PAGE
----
Arduino Uno Wi-Fi Shield Setup and Testing

2017-06-28 03:28:59 by

 

Using the Adafruit Wi-Fi shield with Uno for basic Wi-Fi Connectivity

Setup guide online at https://learn.adafruit.com/adafruit-cc3000-wifi/cc3000-shield

Assembly

You will need to solder on the connector pins to the Wi-Fi shield following the steps below.

Start with some connector pins and place them in the Wi-Fi shield to setup for soldering:

Once you have them soldered you should be able to connect your Arduino to your host PC and run some example code:

Pinouts

The CC3000 is (electrically) fairly simple to use. The module requires an SPI connection, including a clock (CLK), data in from a microcontroller (MOSI) and data out to the microcontroller (MISO). It also uses a chip-select line (CS) for SPI to indicate when a data transfer as started

Along with the SPI interface, there is a power-enable type pin called VBAT_EN which we use to start the module properly and also an IRQ pin, which is the interrupt from the CC3000. The IRQ pin is required to communicate and must be tied to an interrupt-in pin on the Arduino. On the Mega/UNO, we suggest #2 or #3

On the CC3000 shield, we use the following pin connections

  • SCK – #13
  • MISO #12
  • MOSI #11
  • CS for CC3000 #10
  • VBAT_EN #5
  • CS for SD Card #4
  • IRQ #3

From <https://learn.adafruit.com/adafruit-cc3000-wifi/connections>

Make sure your Arduino is powered by a 1 amp or higher rated external power supply when using with the CC3000! Powering an Arduino + CC3000 from a computer/laptop USB port will lead to unstable behavior and lockups because the USB port can’t supply enough power!

From <https://learn.adafruit.com/adafruit-cc3000-wifi/cc3000-library-software>

 

Download the Library

We will start by downloading the Adafruit CC3000 Library, available from our GitHub repository.

From <https://learn.adafruit.com/adafruit-cc3000-wifi/cc3000-library-software>

 

Quick guide to installing third party libraries: https://www.arduino.cc/en/Guide/Libraries

Should now see Sketch examples from Adafruit CC3000 library in Arduino IDE:

 

 

Next run build test to make sure Wi-Fi is working properly:

 

buildtest

The buildtest sketch does a full test of core WiFi connectivity:

It’s a good idea to run this sketch when first setting up the module. It will let you know that everything is working correctly.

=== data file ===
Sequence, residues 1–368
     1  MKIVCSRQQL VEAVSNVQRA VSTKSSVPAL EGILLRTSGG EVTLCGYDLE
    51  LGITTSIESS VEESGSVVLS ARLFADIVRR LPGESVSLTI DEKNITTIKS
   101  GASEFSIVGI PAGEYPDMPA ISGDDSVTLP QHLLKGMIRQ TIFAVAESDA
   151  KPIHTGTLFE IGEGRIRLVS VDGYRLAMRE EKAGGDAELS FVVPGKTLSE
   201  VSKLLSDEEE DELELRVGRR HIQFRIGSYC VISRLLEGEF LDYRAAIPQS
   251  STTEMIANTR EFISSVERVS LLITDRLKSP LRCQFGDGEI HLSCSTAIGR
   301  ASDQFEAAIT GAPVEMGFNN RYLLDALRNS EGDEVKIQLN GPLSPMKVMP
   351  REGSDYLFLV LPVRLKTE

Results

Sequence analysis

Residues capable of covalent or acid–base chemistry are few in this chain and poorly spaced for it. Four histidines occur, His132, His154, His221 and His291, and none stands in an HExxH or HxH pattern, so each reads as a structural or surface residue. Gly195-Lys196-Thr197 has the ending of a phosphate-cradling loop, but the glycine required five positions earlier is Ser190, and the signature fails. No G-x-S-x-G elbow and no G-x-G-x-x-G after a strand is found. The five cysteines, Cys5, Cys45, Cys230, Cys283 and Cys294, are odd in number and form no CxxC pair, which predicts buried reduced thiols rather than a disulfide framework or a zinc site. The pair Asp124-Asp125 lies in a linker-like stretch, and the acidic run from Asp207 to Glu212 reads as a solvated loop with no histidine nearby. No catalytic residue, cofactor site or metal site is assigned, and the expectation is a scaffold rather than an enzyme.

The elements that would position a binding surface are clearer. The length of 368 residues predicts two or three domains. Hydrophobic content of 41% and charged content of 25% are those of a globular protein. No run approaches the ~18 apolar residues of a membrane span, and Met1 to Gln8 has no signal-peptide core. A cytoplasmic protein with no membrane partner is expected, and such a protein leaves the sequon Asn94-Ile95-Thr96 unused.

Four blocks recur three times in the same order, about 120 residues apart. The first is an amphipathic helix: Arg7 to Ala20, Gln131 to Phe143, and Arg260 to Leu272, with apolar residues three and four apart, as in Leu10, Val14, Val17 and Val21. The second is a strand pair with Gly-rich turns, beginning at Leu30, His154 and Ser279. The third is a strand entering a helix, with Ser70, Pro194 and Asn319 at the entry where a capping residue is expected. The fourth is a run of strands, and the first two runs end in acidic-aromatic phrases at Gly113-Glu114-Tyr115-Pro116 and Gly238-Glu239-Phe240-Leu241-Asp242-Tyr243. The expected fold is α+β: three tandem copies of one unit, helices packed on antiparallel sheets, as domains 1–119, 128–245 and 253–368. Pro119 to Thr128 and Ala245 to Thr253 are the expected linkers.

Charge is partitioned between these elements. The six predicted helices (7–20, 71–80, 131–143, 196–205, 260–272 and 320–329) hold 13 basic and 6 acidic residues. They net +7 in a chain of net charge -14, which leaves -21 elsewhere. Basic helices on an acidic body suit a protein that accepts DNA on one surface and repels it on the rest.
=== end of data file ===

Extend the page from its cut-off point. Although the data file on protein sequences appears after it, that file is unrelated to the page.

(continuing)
Before you run the sketch, edit it to replace the dummy SSID and password with your own:

  1. #define WLAN_SSID       “yourNetwork”        // cannot be longer than 32 characters!
  2. #define WLAN_PASS       “yourPassword”

If you’re using WEP, the password should look like this:

const char WLAN_PASS[] = {0x1A, 0x2B, 0x3C, 0x4D, 0x5E, 0x00};

Since it’s a collection of bytes not ‘passphrase’ style key

Also, make sure that the right wireless security scheme is selected (unsecured, WEP, WPA, or WPA2)

  1. // Security can be WLAN_SEC_UNSEC, WLAN_SEC_WEP, WLAN_SEC_WPA or WLAN_SEC_WPA2
  2. #define WLAN_SECURITY   WLAN_SEC_WPA2

From <https://learn.adafruit.com/adafruit-cc3000-wifi/buildtest>

 

Should get results like below: (edited to remove Wi-Fi network info)

 

Note: make sure your baud rate in serial monitor window is set to same baud rate specified in sketch or else you won’t see the right data

 

**************************************************************************************************

 

Hello, CC3000!

 

RX Buffer : 131 bytes

TX Buffer : 131 bytes

Free RAM: 1165

 

Initialising the CC3000 …

Firmware V. : 1.24

MAC Address : 0x08 0x00 0x28 0x57 0xAD 0xA4

Networks found: 1

================================================

SSID Name    : Test

RSSI         : 65

Security Mode: 3

================================================

 

Deleting old connection profiles

 

Attempting to connect to Test

Connected!

Request DHCP

 

 

IP Addr: 192.168.1.23

Netmask: 255.255.255.0

Gateway: 192.168.6.1

DHCPsrv: 192.168.6.1

DNSserv: 192.168.6.1

www.adafruit.com -> 104.20.38.240

 

Pinging 104.20.38.240…5 replies

Ping successful!

 

 

Closing the connection

 

**************************************************************************************************

 

You can continue testing the rest of the sketch examples provided by Adafruit.

 

 

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